flying in the euphoric, bitter air, looking down on the hawk’s back and the crawling lights of vehicles on the plain below, suspended above ordinary affairs and distant from tame ranch dogs barking in the dark hours.
God this is beautiful.
Joe Aguirre had watched them through his 10×42 binoculars for ten minutes one day, waiting until they’d buttoned up their jeans
The fact that he watched them so long seems to indicate he may have taken some kind of prurient pleasure in it?
He felt about as bad as he ever had and it took a long time for the feeling to wear off.
Once again, the power of understatement
the first sign of life in all that time
said what he said to his horses and daughters, little darlin.
Again, so much said through so little words. Apparently Annie goes through over 20 drafts and cuts a lot out, and I can believe it. Gotta remember ‘don’t compare your first draft to someone else’s published work’…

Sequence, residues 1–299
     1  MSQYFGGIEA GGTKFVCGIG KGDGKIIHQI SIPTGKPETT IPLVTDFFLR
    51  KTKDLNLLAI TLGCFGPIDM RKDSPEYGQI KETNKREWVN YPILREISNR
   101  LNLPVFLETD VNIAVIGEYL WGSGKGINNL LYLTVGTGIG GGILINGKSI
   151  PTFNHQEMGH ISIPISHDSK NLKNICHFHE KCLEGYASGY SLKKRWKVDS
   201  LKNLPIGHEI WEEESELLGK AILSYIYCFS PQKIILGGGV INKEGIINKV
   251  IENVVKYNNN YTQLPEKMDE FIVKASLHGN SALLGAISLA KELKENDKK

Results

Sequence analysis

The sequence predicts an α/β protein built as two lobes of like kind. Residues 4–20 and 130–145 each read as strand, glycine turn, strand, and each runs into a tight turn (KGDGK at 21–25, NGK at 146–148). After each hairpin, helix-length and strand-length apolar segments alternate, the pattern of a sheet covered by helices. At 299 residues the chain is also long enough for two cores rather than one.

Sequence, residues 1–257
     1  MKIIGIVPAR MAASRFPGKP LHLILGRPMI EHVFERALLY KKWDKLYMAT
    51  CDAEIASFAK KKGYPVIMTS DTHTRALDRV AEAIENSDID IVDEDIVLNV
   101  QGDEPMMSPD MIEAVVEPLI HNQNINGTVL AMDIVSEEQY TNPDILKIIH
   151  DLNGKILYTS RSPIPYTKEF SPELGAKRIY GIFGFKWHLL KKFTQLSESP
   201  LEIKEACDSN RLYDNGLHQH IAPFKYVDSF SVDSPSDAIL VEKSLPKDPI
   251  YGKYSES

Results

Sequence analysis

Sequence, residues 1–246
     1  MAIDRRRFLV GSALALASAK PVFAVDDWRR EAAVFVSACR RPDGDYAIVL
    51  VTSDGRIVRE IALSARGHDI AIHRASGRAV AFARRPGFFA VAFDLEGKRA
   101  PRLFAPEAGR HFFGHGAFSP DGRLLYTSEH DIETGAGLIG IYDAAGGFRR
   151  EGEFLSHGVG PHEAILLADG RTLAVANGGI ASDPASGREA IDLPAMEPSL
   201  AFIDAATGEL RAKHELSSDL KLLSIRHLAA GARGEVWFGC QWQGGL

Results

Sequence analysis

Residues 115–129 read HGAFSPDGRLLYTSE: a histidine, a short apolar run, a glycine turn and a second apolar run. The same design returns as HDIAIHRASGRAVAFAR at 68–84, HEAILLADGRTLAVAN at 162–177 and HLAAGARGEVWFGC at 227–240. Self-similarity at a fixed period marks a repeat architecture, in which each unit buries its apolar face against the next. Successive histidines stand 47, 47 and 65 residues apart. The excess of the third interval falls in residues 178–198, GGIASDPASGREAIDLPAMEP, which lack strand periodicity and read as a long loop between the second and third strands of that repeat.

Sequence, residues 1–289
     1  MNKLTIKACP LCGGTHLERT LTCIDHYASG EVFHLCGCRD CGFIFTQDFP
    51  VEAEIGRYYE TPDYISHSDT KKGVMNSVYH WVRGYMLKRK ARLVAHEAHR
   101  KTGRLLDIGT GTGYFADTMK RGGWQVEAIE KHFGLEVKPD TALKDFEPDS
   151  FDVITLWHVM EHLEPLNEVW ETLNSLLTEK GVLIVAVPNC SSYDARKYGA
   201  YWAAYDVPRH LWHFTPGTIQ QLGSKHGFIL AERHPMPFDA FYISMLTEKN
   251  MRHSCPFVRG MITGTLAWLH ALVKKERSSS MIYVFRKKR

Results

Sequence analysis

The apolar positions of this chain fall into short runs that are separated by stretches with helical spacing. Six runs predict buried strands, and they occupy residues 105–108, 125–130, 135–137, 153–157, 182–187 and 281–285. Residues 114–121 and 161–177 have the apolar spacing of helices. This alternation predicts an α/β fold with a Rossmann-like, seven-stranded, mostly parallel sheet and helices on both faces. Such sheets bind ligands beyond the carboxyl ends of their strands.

And the fact that Alma knows and is against it from the beginning somehow adds to the poignancy of the situation so much more than if she’d been the PC goodwife and just accepted it.
They went off in Jack’s truck, bought a bottle of whiskey and within twenty minutes were in the Motel Siesta jouncing a bed.
Again, straight to boning.
Smell. Scents and stenches show up a lot in Annie’s writing. Very yick, but I guess I’m kind of getting over it. Again, that earthy male sexuality, I guess.
“Shit no,” said Jack, who had been riding more than bulls, not rolling his own.
I like the fact that for Ennis it’s only Jack, but Jack needs his butt blasted on the regular. So many damn slash tropes before slash was even really a thing. No wonder it was popular with fanficcers.
It ain’t her fault.
And yet neither of them ever seen to display a flicker of guilt over cheating on their, as he says, guiltless wives.